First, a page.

2. If one looks at the scheme of the legislation, it is clear that what the written application is required to contain are particulars which are necessary to have a successful execution. That is why, the number of the suit is required, the names of the parties are required, the date of the decree is required and also the other items mentioned in (d), (e), (f), (g), (h) and (i), the last one being the name of the person against whom execution of the decree is sought. It is obvious that unless the application further mentions the modes in which the assistance of the court is required, the matter will be entirely at large and the court or the judgment-debtor will not be in a position to know what steps are proposed to be taken against him for the execution of the decree. It is for this purpose that the legislature included as one of the particulars to be mentioned in such an application, the mode in which the assistance of the court is required in item (j), Sub-rule (2), Rule 11 of Order 21 of the Code of Civil Procedure. The legislature in its wisdom further used very wide language in clause (v). In Clause (v), alter mentioning in the other lour clauses the usual modes of execution with which we are familiar, it used the words 'Otherwise, us the nature of the relief granted may require'. I can sec no reason why the court should, under the guise of interpreting the law, cut down the wide scope given by the legislature to the decree-holder in accomplishing what is often a difficult task, sometimes even more difficult than obtaining a decree--namely, execution of the decree. It is undoubtedly true that the court has sometimes in order to avoid an absurd result, to restrict the meaning of words and phrases in spite ot the generality of the language used. I cannot see any reason why that should be attempted here. I can see nothing absurd in the result that though other modes of execution such as attachment and sale or arrest and detention or appointment of a receiver have not been mentioned, the decree-holder should still be able to execute part of his decree by means of rateable distribution from the amount which will be received. It may be true that even after the attachment made in the execution case started by the present petitioners, the opposite parties could in their application have again asked for attachment of the judgment-debtor's salary; to say, however, that because that has not been done, the application is not in accordance with law, is, in my opinion, to ignore the provisions of clause (v) of item (j) of the sub-rule,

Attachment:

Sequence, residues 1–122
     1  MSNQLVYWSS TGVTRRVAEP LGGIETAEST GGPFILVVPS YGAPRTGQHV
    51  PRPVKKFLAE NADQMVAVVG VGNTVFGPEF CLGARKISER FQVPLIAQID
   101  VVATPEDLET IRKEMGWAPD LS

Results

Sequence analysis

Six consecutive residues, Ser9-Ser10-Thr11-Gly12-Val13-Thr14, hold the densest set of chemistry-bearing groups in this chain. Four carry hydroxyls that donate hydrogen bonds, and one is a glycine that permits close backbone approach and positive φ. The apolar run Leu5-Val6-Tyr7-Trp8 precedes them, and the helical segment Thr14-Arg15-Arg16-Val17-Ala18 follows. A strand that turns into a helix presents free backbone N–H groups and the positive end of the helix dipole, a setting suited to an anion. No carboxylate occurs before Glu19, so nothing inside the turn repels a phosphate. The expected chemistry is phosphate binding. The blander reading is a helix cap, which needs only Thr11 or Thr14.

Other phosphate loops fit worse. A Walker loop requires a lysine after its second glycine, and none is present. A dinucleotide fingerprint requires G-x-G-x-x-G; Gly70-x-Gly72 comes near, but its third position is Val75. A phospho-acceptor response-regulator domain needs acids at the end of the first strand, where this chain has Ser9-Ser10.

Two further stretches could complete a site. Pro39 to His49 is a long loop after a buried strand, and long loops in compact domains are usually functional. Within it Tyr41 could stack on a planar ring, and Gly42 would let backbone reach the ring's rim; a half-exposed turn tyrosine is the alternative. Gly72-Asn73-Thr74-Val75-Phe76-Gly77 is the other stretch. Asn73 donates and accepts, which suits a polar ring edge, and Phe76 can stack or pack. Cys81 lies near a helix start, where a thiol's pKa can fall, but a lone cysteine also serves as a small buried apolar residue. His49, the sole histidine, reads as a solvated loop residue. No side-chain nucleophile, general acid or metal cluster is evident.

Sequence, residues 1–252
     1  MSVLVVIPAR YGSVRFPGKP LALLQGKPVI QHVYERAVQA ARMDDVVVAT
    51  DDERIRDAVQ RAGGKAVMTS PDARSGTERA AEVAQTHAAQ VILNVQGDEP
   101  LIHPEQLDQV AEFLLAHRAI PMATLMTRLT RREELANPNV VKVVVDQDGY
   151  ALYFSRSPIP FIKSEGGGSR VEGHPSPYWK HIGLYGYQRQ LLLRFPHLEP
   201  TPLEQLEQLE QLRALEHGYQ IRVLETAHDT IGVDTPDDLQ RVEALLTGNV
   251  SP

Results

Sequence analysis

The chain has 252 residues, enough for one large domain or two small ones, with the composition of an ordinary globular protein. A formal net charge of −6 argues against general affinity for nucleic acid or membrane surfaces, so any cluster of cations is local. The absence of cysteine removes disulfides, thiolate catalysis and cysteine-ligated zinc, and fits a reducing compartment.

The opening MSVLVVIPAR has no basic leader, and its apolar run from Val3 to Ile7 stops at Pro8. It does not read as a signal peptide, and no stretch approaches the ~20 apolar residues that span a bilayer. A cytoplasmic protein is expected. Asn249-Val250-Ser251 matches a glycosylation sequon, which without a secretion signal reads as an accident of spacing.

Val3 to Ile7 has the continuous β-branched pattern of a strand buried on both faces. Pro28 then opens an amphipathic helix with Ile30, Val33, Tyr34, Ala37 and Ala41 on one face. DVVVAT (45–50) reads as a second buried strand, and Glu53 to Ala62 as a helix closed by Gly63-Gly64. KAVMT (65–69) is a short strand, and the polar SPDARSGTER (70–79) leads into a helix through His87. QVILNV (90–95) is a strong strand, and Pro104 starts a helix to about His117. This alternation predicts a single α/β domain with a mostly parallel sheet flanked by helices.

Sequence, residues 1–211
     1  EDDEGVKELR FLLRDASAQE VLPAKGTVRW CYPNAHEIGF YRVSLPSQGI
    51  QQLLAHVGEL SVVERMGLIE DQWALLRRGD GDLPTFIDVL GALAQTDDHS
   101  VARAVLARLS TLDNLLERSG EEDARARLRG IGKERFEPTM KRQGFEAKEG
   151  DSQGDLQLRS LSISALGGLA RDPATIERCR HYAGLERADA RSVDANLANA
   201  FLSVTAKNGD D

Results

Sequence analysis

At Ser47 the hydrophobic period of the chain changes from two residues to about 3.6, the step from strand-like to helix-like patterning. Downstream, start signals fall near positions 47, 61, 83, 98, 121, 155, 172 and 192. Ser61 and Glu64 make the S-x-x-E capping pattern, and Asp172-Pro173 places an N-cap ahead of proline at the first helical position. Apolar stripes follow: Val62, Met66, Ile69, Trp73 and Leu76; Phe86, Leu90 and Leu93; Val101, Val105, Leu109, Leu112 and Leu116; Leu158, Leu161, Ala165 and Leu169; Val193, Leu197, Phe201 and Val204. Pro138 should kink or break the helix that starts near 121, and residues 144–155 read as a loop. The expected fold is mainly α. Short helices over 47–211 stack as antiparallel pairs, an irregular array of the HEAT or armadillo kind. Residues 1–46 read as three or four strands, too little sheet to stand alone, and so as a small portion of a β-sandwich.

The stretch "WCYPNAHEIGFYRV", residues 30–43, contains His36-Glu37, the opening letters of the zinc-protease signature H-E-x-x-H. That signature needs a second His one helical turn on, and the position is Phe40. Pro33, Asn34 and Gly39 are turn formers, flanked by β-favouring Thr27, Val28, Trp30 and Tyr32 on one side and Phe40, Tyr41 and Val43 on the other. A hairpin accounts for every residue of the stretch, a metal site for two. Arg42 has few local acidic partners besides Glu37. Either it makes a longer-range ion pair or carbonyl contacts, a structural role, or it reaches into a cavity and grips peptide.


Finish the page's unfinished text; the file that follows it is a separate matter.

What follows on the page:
3. I find that a contrary view has been taken by the Nagpur High Court in Balaji v. Gopal . In that case, it was stated that an application that only prays for rateable distribution is not a valid application for execution within the meaning of Sub-rule (2), Rule 11 of Order 21 of the Code of Civil Procedure. While I entirely agree that a mere application for rateable distribution which does not contain the particulars mentioned in Sub-rule (2), is not an application for execution, I am unable to agree with the view that where there is an application which is in all other respects a proper application for execution under Order 21, Rule 11(2), it ceases to be a valid application merely because the mode in which the assistance of the court required is mentioned as rateable distribution. The learned Judges of the Nagpur High Court were of the opinion that rateable distribution cannot be included in item (j), Clause (v), 'Otherwise, as the nature of the relief granted may require'. For the reasons I have mentioned earlier, I am unable, in spite of my utmost respect for the learned Judges who took the opposite view, to agree with this.
4. I have, therefore, reached the conclusion that the applications made by the opposite parties for execution were proper and valid applications for execution. The Rule is, therefore, discharged with costs. The hearing fee is assessed at three gold mohurs.
5. I agree.